In the Ross Sea we intend to visit Ross Island, guarded by Mount Erebus, Mount Terror and Mount Byrd with all the famous spots which played such an important role in the dramatic British expeditions of the last century such as Cape Royds with the cabin of Ernest Shackleton. We also intend to visit Cape Evans with the cabin of Robert Falcon Scott. From Hut Point, Scott and his men set out for the South Pole. If ice blocks access and weather conditions are otherwise favourable, we have the option to use the helicopters to offer landings in one or more places in this area. We will further make attempts to visit the US-station McMurdo and Scott Base – the New Zealand equivalent. From McMurdo Station we may offer a substantial 10 km hike to Castle Rock were we will have a great view across the Ross Ice Shelf toward the South Pole. We will land in by Helicopter in Taylor Valley, one of the Dry Valleys. The conditions here are the closest you get to the conditions on Mars anywhere on Planet Earth.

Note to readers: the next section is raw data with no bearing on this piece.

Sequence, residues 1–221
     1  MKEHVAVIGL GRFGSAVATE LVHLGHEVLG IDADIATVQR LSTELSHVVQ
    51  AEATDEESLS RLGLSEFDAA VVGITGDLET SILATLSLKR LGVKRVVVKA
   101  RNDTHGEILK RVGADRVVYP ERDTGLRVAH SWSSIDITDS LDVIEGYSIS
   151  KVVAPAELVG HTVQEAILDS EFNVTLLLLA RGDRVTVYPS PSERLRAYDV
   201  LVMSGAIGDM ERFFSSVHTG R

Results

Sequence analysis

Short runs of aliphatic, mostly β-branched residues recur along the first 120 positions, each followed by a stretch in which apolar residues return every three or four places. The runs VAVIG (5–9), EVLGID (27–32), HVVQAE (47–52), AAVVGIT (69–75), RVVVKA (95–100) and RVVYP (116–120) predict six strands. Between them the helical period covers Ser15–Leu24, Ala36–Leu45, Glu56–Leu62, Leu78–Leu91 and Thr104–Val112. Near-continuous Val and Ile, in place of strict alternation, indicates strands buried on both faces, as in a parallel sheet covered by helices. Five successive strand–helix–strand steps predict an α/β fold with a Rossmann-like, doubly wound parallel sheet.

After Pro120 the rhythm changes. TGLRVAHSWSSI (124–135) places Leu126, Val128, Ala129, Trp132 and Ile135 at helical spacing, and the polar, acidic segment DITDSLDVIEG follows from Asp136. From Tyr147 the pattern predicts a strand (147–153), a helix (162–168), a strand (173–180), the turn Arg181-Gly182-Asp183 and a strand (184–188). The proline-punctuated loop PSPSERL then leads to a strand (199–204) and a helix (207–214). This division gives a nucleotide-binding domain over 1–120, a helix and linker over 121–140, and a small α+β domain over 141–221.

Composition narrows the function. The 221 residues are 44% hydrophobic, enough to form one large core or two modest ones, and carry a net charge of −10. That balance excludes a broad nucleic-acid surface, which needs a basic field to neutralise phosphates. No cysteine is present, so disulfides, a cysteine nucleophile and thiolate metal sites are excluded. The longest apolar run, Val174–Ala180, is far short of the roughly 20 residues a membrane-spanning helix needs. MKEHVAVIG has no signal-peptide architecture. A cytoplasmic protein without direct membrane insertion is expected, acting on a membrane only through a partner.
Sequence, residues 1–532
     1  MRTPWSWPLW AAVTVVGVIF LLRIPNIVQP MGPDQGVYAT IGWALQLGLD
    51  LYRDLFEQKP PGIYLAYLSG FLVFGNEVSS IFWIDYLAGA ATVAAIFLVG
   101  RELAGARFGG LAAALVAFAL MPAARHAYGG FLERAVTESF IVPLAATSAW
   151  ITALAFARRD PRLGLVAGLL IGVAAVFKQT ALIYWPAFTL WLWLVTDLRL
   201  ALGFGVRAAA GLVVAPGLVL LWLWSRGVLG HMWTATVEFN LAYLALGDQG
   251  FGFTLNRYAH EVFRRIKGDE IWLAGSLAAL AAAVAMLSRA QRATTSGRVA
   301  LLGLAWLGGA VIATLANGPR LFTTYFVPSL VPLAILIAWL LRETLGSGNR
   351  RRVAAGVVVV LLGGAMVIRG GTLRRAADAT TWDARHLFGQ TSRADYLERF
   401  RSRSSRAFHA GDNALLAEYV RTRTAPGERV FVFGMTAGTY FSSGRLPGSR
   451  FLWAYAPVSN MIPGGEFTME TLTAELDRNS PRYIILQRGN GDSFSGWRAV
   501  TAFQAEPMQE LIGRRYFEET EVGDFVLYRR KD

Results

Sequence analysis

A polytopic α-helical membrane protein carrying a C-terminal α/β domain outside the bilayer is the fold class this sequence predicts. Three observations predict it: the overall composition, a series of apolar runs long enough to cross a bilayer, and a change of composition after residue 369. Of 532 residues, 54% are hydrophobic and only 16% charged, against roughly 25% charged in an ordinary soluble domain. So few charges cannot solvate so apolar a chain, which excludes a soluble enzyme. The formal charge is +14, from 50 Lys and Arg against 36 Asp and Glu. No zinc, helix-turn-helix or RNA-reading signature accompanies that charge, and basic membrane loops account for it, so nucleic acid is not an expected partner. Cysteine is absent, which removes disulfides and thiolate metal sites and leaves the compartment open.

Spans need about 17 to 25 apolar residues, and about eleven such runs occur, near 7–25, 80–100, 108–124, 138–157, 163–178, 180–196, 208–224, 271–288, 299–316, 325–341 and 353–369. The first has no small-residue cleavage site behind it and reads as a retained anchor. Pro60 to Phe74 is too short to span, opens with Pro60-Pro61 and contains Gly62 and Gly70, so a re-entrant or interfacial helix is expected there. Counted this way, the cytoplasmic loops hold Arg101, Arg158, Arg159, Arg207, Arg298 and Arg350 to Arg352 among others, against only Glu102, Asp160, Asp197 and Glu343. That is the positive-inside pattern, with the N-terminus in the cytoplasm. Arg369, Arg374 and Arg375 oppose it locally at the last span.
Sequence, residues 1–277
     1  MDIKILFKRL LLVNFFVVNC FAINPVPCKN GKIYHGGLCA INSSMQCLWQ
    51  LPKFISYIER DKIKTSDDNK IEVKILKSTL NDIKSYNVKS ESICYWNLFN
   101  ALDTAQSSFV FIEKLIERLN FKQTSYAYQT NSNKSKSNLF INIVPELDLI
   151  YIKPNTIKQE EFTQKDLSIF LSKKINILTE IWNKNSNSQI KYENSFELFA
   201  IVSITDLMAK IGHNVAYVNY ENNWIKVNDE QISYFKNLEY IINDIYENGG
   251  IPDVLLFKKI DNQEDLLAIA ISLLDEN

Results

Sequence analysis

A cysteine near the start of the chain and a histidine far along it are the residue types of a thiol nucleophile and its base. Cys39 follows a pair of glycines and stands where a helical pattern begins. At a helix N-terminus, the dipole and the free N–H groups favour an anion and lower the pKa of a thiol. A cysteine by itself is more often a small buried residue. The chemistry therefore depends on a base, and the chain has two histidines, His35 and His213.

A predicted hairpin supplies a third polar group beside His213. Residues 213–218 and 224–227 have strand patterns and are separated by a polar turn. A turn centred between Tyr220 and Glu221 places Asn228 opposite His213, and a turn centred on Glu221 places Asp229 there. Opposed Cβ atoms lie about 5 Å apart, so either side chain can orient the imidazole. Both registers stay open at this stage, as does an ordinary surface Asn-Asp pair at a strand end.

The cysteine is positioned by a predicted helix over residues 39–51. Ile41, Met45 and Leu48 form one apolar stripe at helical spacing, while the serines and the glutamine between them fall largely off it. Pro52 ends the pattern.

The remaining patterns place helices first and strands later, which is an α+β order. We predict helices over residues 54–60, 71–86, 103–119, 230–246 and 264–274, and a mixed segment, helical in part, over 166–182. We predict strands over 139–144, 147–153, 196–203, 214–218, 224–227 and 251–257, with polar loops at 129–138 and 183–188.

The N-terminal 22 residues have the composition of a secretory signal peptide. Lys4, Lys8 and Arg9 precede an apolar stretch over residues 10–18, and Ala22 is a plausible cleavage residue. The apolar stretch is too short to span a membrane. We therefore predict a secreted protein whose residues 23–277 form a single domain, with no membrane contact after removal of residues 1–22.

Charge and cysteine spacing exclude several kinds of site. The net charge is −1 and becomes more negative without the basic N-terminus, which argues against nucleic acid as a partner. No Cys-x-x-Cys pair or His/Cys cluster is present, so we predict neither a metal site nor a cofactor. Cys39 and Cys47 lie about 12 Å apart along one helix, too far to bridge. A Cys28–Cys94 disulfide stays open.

Day 22 – 23: Drygalski Ice Tongue, Terra Nova Bay
Sailing northward along the west coast of the Ross Sea, we pass by the Drygalski Ice Tongue and the Italian Mario Zucchelli Station in Terra Nova Bay. Should the ice prevent us from entering Terra Nova Bay we may progress further north were we find the specially protected area of Cape Hallet with a large Adélie Penguin rookery.

Day 24: Cape Adare
We will attempt to make a landing at Cape Adare. This is the place where people for the very first time wintered on the Antarctic Continent. The hut where the Norwegian Borchgrevink stayed in 1899 is surrounded by the largest colony of Adélie Penguins in the World.

Day 25 – 29: Ross Sea